Open access: the complaint, the evidence and the verdict

Harnad, Stevan (2006) Open access: the complaint, the evidence and the verdict Journal of the Royal Society of Medicine, 99


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First the complaint, then the evidence, then the verdict. The complaint is that researchers cannot afford to access all the articles they might use, and hence those articles do not get all the usage and impact they might. The evidence is that no institution can afford to subscribe to all the journals that their researchers might need to use1 and those articles that are made open access (by being deposited on the Web, free for all) are used and cited twice as much as those articles (in the very same journals and years) that are not.2 The verdict is that all researchers should deposit their articles on the Web, free for all—not necessarily that they should publish in open access journals, or that all journals should convert to open access publishing. (Open access is not the same thing as open access publishing: open access publishing is just one of the two roads to open access.) Fortunately, mandates requiring researchers to deposit (self-archive) their articles on the Web, free for all, are now being proposed by research funders in the UK and Europe, and they have already been adopted by three UK Research Councils as well as the Wellcome Trust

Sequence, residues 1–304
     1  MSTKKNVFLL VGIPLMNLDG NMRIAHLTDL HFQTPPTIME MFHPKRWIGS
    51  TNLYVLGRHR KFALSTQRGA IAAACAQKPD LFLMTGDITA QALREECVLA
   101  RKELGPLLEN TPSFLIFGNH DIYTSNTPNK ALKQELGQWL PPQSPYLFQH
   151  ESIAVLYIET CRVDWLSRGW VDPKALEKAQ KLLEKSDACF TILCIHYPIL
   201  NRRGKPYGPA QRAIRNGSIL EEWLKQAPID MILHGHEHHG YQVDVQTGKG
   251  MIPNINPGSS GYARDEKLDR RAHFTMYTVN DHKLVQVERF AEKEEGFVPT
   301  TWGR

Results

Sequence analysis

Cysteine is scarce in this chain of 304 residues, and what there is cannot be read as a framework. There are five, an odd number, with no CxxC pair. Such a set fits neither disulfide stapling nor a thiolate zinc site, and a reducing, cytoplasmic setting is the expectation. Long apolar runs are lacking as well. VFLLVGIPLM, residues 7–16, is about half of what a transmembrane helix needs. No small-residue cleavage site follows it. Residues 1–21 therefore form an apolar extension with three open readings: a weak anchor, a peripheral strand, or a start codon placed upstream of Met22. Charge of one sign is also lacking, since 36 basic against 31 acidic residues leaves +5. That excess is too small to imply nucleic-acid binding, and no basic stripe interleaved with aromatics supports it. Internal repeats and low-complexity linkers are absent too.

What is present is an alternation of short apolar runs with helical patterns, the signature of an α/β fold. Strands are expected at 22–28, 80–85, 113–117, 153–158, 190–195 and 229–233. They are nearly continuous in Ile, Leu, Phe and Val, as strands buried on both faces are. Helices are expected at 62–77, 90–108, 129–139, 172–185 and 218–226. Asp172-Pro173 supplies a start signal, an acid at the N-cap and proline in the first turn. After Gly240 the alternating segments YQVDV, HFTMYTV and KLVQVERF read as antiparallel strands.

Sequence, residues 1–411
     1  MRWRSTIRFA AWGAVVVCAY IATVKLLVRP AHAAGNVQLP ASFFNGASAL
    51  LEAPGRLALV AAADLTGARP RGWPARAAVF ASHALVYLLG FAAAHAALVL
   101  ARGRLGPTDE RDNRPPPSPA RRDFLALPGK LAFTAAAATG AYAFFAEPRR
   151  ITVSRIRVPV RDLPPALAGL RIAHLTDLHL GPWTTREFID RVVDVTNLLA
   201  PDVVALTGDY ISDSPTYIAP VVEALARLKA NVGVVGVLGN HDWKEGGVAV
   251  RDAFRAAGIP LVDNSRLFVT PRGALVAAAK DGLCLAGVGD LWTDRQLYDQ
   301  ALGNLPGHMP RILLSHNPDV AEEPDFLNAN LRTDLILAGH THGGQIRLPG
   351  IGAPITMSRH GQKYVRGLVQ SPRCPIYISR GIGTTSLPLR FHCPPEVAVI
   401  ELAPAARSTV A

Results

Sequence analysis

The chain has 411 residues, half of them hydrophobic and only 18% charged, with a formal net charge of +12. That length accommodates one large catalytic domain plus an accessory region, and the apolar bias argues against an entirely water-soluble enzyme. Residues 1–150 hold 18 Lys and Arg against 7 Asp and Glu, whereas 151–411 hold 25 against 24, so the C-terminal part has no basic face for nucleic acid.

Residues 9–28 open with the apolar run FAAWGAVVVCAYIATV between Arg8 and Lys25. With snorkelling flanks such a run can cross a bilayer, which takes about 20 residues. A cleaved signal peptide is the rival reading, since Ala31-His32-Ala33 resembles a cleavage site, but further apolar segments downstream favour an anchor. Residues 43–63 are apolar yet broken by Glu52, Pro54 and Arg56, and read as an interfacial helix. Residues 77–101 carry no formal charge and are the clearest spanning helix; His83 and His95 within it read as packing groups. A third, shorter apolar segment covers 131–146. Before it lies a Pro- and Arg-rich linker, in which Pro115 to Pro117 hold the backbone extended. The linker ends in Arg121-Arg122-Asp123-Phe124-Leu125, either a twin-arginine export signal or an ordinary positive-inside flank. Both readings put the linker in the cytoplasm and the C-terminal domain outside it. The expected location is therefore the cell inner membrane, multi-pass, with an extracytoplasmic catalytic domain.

Item Type: Article
ISSNs: 0141-0768 (print)
Keywords: open access, self-archiving, institutional repositories, research impact, mandate
Organisations: Web & Internet Science
ePrint ID: 262894
Date :
Date Event
September 2006Published
Date Deposited: 10 Aug 2006
Last Modified: 17 Apr 2017 21:34
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